If you’re hungry or thirsty in Germany, well, you don’t have much of a choice. You drink beer. You eat sausage. And that’s just how it is.
Sure, German cuisine has started to become adventurous with the influx of immigrants—particularly evident in the prevalence of currywurst and doner kebab shops—but this is a national diet that has and always will be built firmly on the staples: beer and sausage.
The average German gulps down 116 liters (or 31 gallons) of beer every year, and consumes more than 60 pounds (27 kilos) of sausage. While there are 1500 varieties of sausage produced in Germany (who would have guessed there were so many different ways to put meat in a thin casing?), the heavy hitters here include wurstchen, or tiny cocktail-like sausages often used as snacks or appetizers, and bratwurst, a heartier meal staple. Salami cold cuts are also huge here, often as a part of breakfast.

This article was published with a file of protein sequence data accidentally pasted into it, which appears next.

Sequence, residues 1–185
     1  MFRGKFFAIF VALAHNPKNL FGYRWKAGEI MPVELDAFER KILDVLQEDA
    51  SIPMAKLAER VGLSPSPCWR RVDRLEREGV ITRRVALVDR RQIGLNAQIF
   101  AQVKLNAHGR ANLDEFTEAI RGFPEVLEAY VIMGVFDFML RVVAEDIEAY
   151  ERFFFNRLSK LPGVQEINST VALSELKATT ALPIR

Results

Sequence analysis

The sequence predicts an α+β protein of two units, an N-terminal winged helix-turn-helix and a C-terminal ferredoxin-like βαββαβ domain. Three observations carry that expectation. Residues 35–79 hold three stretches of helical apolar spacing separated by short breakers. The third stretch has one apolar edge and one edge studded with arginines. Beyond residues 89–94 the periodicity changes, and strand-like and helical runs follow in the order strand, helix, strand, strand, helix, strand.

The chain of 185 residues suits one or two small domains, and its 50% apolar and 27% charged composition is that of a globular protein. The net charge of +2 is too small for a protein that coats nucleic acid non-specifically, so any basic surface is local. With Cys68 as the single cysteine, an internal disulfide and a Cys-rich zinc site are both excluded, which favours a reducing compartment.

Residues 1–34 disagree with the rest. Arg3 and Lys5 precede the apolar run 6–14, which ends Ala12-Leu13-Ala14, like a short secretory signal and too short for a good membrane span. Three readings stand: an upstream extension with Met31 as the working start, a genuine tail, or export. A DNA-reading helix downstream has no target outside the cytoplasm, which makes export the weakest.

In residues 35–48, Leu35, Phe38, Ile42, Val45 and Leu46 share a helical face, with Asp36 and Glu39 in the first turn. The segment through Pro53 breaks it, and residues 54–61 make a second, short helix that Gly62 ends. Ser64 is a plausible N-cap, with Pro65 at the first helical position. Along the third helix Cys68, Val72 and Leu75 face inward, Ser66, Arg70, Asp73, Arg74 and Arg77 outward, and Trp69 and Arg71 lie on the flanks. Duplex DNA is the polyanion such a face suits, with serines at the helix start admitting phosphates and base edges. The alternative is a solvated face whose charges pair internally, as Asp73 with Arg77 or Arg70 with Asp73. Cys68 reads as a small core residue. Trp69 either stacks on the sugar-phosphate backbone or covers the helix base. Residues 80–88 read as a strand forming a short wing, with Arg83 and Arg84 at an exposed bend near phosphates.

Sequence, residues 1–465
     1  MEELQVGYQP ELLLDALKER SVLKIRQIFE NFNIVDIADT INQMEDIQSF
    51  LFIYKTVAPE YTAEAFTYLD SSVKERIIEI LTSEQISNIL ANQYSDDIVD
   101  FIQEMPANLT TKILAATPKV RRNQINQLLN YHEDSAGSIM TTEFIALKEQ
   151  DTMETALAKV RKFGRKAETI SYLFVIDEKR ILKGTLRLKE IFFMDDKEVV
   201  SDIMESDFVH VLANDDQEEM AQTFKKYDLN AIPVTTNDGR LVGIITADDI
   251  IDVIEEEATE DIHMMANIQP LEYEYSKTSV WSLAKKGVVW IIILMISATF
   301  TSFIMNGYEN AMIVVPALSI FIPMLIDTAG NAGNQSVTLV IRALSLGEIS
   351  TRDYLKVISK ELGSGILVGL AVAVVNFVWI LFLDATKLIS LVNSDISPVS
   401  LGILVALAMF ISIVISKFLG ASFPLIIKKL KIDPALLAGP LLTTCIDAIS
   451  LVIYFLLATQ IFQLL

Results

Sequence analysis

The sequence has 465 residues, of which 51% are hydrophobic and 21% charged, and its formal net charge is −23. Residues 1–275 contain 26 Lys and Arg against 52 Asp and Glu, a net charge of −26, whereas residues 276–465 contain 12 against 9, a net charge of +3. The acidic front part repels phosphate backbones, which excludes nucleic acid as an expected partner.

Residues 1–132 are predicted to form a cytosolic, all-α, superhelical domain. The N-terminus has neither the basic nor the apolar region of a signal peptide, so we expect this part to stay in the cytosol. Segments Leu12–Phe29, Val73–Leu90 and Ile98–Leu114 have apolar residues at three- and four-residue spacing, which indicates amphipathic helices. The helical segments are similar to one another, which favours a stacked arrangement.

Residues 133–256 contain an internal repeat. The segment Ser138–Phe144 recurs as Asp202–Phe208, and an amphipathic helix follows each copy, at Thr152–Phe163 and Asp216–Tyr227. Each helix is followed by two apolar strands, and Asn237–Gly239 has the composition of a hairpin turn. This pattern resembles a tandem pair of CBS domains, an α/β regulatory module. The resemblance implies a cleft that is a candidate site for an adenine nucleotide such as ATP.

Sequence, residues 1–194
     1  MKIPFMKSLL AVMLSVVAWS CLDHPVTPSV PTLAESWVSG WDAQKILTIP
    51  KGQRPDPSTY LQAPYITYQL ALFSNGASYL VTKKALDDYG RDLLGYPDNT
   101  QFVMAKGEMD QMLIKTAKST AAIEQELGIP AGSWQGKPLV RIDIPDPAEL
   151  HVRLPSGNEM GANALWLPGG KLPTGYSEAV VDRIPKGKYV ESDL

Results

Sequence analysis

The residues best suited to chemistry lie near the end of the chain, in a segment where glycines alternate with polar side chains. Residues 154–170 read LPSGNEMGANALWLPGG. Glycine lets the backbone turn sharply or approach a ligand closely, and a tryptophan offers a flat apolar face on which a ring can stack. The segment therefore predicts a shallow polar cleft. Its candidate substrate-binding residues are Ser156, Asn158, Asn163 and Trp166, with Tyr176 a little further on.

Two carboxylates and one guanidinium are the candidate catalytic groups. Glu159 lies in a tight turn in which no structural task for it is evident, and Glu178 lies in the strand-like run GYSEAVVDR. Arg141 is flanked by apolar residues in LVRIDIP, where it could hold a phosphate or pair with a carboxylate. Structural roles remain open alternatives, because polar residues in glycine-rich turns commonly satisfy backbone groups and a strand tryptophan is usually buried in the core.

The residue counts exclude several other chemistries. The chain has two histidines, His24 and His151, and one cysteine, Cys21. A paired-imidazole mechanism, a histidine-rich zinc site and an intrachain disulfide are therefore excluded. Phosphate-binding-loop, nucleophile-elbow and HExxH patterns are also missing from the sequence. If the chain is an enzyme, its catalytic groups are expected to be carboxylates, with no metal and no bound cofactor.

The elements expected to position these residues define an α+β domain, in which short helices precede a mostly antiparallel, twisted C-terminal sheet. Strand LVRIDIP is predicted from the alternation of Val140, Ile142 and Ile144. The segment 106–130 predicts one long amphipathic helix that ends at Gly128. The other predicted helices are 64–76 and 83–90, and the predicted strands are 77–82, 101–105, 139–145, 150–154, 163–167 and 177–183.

On the beverage side of things, Germans are masters of the craft of brewing. The home of a huge variety of beers—alt, bock, dunkel, kölsch, lager, malzbier, pils and weizenbier—it is no surprise that beer is often cheaper than water here. It’s perfectly normal to see some brands of beer sold in supermarkets for just a few cents a bottle.
So eat well and drink heartily while you’re here—just make sure you learn to like sausage and beer.